Spiny lobster

Spiny lobster

Spiny lobster ©Dominic Flint

Spiny lobster

Scientific name: Palinurus elephas
Spiny lobster, crawfish, crayfish, rock lobsters - many names, one animal! This pretty lobster was made extinct in many areas through overfishing, but is now making a slow comeback.

Species information


Length: up to 60cm

Conservation status

Classified as a Priority Species under the UK Post-2010 Biodiversity Framework. It is also a Feature of Conservation Importance for which Marine Conservation Zones can be designated in English and non-devolved offshore waters. Classified as Vulnerable on the IUCN Red List.

When to see

January to December


The Spiny lobster is a crustacean, related to crabs and even barnacles. They lack the typical large pincers of Common lobsters and instead have 2 small hook-like claws. They live in crevices and caves amongst the rocks in shallow waters down to around 70m.

They get their name from the spines than cover their shell (carapace), though they are also known as crawfish, crayfish and rock lobster - depending where you are in the UK! They stay in their hidey-holes during the daytime and come out to feed at night. They are scavengers and will feast on whatever they can find, including crabs, worms, starfish and any dead animals.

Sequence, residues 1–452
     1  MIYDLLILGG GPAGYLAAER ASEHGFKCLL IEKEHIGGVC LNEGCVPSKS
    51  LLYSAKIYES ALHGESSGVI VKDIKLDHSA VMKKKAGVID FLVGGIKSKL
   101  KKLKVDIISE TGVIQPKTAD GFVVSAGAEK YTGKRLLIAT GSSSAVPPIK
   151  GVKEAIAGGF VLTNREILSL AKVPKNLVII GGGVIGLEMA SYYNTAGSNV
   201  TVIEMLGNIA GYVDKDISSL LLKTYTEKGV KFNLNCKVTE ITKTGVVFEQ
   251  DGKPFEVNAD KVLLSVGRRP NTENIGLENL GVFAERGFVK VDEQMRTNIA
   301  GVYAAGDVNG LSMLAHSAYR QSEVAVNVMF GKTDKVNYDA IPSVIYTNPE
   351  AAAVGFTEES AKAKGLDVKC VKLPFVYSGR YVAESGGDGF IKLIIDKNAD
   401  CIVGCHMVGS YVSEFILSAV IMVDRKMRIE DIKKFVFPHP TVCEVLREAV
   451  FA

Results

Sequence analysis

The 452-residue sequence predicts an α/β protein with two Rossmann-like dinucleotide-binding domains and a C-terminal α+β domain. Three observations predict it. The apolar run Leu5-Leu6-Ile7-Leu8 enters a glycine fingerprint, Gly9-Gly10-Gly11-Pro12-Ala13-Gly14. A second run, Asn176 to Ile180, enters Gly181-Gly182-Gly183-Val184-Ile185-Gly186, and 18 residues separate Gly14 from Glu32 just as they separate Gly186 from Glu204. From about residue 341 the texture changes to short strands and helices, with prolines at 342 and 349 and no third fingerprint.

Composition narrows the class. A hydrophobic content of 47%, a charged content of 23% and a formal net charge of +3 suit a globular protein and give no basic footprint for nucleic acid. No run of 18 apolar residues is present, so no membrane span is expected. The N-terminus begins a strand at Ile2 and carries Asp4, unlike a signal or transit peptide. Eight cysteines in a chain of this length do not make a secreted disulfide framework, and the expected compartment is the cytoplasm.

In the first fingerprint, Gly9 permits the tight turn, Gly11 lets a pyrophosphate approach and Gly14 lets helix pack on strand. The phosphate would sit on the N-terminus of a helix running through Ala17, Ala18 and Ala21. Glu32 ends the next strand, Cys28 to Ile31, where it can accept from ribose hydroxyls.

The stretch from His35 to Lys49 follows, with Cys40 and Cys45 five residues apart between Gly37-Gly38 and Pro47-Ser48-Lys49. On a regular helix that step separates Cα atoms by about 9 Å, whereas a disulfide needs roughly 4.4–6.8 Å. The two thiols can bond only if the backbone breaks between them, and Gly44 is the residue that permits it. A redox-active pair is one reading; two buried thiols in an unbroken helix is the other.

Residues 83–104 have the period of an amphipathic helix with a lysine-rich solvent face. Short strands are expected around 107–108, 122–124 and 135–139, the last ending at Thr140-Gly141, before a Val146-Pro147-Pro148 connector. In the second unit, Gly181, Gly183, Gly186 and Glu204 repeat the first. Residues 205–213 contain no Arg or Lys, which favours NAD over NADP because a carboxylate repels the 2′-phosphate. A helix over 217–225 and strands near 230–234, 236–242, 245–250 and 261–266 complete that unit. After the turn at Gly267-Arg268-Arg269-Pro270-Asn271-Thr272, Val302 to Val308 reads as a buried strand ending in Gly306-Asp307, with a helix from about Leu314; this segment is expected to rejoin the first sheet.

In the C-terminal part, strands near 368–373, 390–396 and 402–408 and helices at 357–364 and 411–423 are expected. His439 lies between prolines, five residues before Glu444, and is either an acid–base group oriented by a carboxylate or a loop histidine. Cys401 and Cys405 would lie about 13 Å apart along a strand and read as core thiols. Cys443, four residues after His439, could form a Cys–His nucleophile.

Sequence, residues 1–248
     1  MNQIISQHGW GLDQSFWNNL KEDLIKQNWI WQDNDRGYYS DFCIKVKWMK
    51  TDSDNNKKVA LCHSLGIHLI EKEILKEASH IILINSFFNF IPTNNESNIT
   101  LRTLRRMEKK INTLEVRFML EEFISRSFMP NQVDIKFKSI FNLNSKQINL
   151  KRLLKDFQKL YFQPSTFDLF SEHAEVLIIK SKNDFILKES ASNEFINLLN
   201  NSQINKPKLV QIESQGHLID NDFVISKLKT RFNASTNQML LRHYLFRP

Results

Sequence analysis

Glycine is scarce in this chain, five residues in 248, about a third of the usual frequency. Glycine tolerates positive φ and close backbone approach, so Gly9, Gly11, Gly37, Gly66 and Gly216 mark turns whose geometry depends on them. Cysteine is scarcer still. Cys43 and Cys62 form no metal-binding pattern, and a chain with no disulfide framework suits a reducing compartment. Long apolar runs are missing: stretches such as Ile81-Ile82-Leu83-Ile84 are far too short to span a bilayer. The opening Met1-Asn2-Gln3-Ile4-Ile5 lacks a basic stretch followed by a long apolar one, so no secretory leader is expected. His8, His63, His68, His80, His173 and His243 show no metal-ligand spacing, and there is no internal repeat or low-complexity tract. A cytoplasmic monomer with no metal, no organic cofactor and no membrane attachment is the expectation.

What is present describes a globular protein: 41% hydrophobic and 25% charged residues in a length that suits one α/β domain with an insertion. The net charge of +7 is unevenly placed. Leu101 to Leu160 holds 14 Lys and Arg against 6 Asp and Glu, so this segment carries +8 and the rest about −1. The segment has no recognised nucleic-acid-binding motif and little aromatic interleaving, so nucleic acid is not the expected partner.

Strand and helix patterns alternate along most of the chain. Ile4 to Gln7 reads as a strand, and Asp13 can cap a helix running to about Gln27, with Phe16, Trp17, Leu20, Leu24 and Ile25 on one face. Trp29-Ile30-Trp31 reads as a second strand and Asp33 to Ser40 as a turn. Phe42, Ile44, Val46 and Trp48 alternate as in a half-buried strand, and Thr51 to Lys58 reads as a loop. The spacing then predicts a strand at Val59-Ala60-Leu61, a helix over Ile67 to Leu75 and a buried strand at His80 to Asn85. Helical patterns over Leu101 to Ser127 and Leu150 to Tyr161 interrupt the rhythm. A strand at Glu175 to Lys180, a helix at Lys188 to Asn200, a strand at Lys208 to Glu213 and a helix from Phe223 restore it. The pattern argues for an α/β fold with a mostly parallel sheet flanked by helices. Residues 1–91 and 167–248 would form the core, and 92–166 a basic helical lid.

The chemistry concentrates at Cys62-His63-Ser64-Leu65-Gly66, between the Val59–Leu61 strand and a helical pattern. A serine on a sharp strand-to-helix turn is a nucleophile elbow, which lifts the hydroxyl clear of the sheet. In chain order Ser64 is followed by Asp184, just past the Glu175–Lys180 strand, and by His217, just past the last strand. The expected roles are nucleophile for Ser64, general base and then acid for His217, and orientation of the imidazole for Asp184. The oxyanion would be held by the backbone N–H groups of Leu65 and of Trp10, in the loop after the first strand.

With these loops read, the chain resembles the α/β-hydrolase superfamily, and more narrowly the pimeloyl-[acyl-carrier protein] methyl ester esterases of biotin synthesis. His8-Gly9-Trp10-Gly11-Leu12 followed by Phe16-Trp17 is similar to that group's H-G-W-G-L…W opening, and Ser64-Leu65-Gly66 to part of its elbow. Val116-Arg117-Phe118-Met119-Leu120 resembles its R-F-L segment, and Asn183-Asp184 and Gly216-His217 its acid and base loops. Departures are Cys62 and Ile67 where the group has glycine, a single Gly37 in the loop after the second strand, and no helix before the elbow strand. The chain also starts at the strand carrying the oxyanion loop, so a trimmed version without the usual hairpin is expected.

How to identify

A large lobster, covered in spines but without the big claws of the common lobster. Orangey brown in colour with long antennae.


Found around the South West of England and Wales and along the West Coast of Scotland.

Did you know?

Spiny lobsters get pretty noisy during the breeding season, making a sort of "creak" noise by rubbing their antennae together to attract a mate!

How people can help

Research has shown that spiny lobster populations benefit from the designation of Marine Protected Areas. A number of Marine Conservation Zones have been designated in the South West of England to protect and recover spiny Lobster populations. We know that many lobsters will spillover into the surrounding non-protected area in search of new territories and food; giving a wider benefit and potentially supporting a small fishery if sustainably managed.